MELBOURNE, March 26 (UPI) — A hip bone found in Australia proves tyrannosaurs existed in the Southern Hemisphere, but as much smaller cousins of Tyrannosaurus rex, scientists said.
The bone found in 1989, but not identified until last year, shares some basic characteristics with primitive northern ancestors of T. rex, the Los Angeles Times reported Friday.
Named NMV P186069, the new tyrannosaur probably weighed about 175 pounds and measured 10 feet in length, as opposed to T. rex’s 8,000 pounds and 39 feet. NMV’s hip bone measures about 12 inches, while a T. rex hip bone is about 53 inches long.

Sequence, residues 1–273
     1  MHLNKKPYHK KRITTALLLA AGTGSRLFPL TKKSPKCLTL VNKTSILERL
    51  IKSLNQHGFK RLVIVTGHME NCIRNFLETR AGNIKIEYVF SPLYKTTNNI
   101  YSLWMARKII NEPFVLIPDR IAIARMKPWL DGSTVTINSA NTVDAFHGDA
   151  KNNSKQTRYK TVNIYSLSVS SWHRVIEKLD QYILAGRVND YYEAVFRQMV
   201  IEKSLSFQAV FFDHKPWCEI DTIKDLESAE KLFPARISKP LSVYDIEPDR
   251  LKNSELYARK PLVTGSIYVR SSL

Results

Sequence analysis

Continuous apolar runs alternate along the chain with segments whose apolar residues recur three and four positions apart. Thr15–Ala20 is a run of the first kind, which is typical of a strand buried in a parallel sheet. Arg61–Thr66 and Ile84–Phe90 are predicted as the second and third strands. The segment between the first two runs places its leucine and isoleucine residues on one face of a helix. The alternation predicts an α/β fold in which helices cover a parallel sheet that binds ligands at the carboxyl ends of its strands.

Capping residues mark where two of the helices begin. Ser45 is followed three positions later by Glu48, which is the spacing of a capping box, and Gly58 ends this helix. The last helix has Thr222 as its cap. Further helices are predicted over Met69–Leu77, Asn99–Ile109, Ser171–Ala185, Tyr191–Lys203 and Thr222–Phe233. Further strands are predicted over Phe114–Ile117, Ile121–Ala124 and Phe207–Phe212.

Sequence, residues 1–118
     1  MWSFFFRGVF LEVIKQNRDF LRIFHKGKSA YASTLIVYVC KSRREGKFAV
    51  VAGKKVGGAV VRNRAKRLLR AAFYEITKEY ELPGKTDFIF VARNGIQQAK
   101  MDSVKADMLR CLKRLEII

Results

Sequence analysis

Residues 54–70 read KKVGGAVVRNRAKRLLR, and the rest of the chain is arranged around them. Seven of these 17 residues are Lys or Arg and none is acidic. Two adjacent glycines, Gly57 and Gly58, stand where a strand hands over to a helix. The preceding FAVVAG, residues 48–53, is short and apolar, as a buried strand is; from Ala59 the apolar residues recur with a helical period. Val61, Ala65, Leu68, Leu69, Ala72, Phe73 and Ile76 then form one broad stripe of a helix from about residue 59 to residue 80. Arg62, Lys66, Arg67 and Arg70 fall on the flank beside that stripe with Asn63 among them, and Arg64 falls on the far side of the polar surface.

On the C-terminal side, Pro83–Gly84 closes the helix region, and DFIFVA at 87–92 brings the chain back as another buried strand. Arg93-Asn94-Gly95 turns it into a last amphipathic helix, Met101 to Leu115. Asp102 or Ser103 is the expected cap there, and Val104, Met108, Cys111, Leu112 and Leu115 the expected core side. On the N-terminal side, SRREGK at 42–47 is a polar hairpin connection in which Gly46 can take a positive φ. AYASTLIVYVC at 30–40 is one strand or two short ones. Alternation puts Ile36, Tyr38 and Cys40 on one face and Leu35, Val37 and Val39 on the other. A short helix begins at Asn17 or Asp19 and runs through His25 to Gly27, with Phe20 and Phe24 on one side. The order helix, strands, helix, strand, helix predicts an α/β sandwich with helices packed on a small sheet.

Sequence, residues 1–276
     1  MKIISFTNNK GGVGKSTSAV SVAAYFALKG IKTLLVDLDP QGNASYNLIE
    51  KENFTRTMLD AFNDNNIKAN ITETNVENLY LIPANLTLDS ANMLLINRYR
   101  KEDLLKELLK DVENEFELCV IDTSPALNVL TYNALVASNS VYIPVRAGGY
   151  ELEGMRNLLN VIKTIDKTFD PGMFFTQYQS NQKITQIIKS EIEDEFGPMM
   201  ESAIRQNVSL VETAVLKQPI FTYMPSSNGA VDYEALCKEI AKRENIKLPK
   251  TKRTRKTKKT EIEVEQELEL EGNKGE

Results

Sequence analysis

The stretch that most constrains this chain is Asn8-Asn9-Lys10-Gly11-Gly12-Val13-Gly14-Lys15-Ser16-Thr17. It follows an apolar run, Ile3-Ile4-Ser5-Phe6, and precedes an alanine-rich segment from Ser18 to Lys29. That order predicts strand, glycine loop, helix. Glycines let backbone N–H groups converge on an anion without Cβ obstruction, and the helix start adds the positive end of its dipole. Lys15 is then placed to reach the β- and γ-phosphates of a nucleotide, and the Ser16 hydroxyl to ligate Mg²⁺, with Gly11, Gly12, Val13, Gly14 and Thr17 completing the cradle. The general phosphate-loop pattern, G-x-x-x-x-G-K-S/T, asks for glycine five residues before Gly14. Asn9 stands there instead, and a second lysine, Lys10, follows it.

The bone discovered in Victoria state could provide clues about why tyrannosaurs failed to become dominant predators below the equator, said paleontologist Roger Benson of the University of Cambridge, England.
“We think tyrannosaurs became global early in history,” Benson said, “but for some reason, in the north tyrannosaurs became exceptionally successful predators, and in south, they just dwindled away.”
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